Wednesday, July 18 , 2018, 8:43 pm | Fair 67º


Harris Sherline: The ‘Living Wage’ Is a Bad Idea, Part II

Raising the pay rate for the least-qualified employees produces costly ripple effects

[Noozhawk’s note: This is the second in a two-part series. Click here for the first part.]

An important consideration in evaluating the “living wage” is related to the compensation that is paid to all employees based on their qualifications or positions and length of service.

Harris Sherline
Harris Sherline

For example, if the minimum wage is raised to $12 or $15 an hour from $8, it would lift the pay rate of the lowest, least-qualified employees to that of other employees who are better qualified and generally have longer length of service. This would necessitate more pay increases to continue recognizing the greater skill and length of service of other employees, and the pay scales for each succeeding higher category of employees would be pushed up accordingly.

Thus, what might first appear to be a simple pay increase for just the lowest-paid employees in the organization would quickly lead to a comparable wage hike for everyone. This would cause an across-the-board increase in payroll costs, plus the accompanying increase in the cost of benefits that automatically occurs. Those added costs might be well beyond the ability of many firms to absorb and could cause layoffs or price increases — or both.

The net result most likely would be the exact opposite of what “living-wage” policy advocates intend. There would be a reduction in the number of available jobs in the community because employers would be forced to cut other costs. Although some employees certainly would benefit from an increase in the minimum (“living”) wage, others would lose their jobs to offset the higher costs.

The Employment Policies Institute reported that “at least one of the leading proponents of living wages — the Association of Community Organizations for Reform Now (ACORN) — readily admitted in a (California) court case that higher minimum wages lead to job loss.” It also “stated that ‘California’s minimum wage laws ... affect the quality and quantity of staff’ the organization can hire.”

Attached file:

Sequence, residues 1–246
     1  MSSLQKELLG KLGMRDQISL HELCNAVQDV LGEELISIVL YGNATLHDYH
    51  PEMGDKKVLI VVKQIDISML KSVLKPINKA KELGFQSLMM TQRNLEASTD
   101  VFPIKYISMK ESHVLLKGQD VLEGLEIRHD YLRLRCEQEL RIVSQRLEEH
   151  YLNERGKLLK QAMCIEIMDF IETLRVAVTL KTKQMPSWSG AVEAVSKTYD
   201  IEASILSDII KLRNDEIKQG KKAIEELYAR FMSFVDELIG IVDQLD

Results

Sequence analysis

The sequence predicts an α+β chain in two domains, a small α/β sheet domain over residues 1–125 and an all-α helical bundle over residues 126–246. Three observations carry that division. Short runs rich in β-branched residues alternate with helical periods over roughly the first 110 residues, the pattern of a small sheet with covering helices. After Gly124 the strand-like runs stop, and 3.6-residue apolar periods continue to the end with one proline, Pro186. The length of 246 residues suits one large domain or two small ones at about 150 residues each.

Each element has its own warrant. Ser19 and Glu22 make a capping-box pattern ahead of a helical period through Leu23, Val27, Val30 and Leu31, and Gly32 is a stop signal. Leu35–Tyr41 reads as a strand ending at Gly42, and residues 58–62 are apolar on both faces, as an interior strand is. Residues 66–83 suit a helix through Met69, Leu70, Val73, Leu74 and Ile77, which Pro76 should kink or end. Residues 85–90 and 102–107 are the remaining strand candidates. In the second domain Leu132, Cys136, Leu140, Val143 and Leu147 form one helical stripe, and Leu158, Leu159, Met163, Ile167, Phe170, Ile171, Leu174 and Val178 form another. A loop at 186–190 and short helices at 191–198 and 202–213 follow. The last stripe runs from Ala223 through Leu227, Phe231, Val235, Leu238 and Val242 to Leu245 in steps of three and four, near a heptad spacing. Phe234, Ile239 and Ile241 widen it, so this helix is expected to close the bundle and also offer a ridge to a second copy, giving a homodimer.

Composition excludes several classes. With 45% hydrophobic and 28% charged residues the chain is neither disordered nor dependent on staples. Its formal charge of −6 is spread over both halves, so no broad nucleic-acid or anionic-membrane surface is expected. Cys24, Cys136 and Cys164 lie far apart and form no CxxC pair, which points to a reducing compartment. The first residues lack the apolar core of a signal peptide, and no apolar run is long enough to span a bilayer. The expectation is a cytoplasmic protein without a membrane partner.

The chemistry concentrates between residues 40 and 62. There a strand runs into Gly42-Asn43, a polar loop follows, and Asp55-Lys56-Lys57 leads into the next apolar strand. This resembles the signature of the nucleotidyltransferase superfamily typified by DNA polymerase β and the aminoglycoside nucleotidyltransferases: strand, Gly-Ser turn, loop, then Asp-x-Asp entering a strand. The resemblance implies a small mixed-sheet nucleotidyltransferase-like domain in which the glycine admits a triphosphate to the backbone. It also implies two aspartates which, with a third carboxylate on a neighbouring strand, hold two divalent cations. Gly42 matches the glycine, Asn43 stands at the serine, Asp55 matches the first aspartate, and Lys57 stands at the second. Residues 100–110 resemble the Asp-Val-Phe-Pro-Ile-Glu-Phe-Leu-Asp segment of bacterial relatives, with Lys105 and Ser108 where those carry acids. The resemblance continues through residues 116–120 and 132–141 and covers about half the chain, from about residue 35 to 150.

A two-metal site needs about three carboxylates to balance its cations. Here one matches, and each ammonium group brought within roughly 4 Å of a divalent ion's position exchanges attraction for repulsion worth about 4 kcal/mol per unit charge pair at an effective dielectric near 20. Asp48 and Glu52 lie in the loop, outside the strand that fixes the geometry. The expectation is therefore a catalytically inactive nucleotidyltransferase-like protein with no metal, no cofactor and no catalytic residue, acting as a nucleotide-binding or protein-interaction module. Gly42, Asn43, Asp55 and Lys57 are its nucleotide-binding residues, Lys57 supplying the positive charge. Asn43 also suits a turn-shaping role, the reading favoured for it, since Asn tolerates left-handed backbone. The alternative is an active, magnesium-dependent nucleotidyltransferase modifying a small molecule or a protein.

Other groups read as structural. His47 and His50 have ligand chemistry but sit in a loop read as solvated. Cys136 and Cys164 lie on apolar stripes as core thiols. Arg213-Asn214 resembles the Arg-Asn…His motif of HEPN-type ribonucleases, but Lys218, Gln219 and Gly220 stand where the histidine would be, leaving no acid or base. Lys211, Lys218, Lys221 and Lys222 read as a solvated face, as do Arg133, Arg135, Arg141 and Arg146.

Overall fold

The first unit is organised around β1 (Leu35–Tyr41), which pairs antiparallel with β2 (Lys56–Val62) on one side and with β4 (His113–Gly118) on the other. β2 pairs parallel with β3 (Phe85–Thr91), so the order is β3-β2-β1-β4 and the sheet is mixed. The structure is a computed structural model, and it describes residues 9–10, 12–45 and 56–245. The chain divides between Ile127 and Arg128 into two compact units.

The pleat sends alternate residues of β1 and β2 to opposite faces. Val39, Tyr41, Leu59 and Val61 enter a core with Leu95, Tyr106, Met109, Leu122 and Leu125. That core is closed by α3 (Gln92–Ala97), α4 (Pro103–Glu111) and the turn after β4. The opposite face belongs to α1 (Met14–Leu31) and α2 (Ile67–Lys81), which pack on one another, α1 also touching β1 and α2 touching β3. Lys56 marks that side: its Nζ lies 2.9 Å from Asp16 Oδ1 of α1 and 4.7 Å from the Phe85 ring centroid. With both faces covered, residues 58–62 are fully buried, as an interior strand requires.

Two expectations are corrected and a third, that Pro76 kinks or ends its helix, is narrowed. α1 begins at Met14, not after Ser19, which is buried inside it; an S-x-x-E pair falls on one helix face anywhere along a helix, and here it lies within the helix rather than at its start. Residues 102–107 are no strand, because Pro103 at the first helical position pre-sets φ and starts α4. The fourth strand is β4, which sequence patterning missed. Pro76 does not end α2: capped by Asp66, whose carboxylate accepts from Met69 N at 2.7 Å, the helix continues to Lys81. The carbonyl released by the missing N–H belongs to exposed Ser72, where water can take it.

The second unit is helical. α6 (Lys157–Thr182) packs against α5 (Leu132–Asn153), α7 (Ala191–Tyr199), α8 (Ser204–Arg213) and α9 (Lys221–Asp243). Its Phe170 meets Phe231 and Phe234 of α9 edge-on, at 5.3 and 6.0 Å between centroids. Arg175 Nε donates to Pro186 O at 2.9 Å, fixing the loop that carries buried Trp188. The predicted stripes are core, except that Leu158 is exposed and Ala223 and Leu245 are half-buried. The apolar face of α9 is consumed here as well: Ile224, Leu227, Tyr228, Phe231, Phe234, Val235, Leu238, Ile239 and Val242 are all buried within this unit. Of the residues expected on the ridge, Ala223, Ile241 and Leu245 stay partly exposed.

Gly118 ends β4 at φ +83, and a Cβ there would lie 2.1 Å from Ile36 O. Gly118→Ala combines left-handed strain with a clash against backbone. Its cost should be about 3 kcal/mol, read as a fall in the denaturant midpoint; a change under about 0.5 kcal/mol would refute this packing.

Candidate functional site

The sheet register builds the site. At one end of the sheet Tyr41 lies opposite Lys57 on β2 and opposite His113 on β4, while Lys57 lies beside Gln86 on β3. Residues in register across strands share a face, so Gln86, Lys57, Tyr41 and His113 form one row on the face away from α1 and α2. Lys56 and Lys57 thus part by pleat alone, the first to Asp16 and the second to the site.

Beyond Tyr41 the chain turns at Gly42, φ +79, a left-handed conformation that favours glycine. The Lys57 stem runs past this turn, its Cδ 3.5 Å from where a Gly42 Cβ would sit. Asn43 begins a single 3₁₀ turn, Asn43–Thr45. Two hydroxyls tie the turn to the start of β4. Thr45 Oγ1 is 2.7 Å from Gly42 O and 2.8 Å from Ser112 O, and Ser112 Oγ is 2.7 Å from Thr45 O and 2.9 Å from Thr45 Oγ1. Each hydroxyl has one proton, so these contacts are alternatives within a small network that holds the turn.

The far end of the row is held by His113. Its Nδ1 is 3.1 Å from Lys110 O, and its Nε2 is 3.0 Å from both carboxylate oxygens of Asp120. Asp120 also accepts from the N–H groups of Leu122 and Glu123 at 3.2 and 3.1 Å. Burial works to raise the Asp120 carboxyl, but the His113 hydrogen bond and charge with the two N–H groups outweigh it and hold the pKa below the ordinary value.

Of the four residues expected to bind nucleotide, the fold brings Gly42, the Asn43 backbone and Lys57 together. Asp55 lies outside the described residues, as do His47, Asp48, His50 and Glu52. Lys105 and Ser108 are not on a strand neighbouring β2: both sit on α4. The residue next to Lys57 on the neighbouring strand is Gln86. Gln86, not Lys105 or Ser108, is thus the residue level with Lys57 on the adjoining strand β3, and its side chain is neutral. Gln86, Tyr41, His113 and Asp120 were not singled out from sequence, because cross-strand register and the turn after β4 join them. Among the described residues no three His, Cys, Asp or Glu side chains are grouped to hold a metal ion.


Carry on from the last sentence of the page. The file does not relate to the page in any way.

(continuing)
In 1996, when the Chicago City Council was considering “living-wage” legislation, it found that it would cost the city $20 million a year, plus an additional 20 percent of this amount ($4.2 million) for administrative costs to certify, monitor and enforce the ordinance. It also determined that the labor costs of the affected firms would increase by $37.5 million. Even firms that were already paying the required minimum wage to employees would see their costs rise as a result of the compliance requirements that would be imposed by the city.

The Chicago experience identified three key concerns that any city or county government should consider before embarking on the road to a “living-wage” ordinance: overall cost, efficiency of the policy and job loss.

As to cost, even the most scaled-down version of such legislation can cost a community millions of dollars. Chicago found that the living wage would be an extremely inefficient use of city resources, if the goal is to help the heads of households increase their earnings. For one thing, any analysis of the benefits that employees would derive from this policy should include the impacts of federal and state income taxes, Social Security taxes, possible reductions in the earned income credit, and reduced food stamp and Medicaid benefits. These factors are generally overlooked by those who support the “living-wage” policy.

Finally, loss of jobs: Any consideration of living wage legislation also should estimate the potential loss of jobs among the least skilled workers and whether more people would be forced onto the welfare rolls as a result. A study conducted by Peter Brandon at the University of Wisconsin found that in states that raised their minimum wage, welfare mothers stayed on welfare an average of 44 percent longer than those in states that didn’t raise minimum wage rates.

From my perspective, the “living wage” looks like a loser for any jurisdiction that decides to adopt this policy. Almost everyone loses — local government, taxpayers and those businesses that are directly affected. The only winners seem to be the few minimum-wage employees, whose paychecks would be raised to the higher minimum, and the unions, which use the new minimum as a basis for bargaining to increase the pay levels of all their members.

According to the city of Santa Barbara, the 83 workers who benefited from the “living-wage” ordinance in the 2010 fiscal year cost the city $171,725. In addition, the city would like to expand the number of employees covered by the “living wage” to more than 700 part-time workers, at an estimated annual cost of $1.1 million.

At a time when governments at every level are being challenged to reduce costs, and considering that the Santa Barbara police are being asked to accept a sizable cut, how can the city’s leaders justify increasing compensation for other employees?

There are far more effective and less costly ways to help a small percentage of minimum-wage employees that also will make us feel good in the process.

The “living-wage” policy may be motivated by good intentions, but it is a bad idea.

— Harris R. Sherline is a retired CPA and former chairman and CEO of Santa Ynez Valley Hospital who has lived in Santa Barbara County for more than 30 years. He stays active writing opinion columns and his blog,

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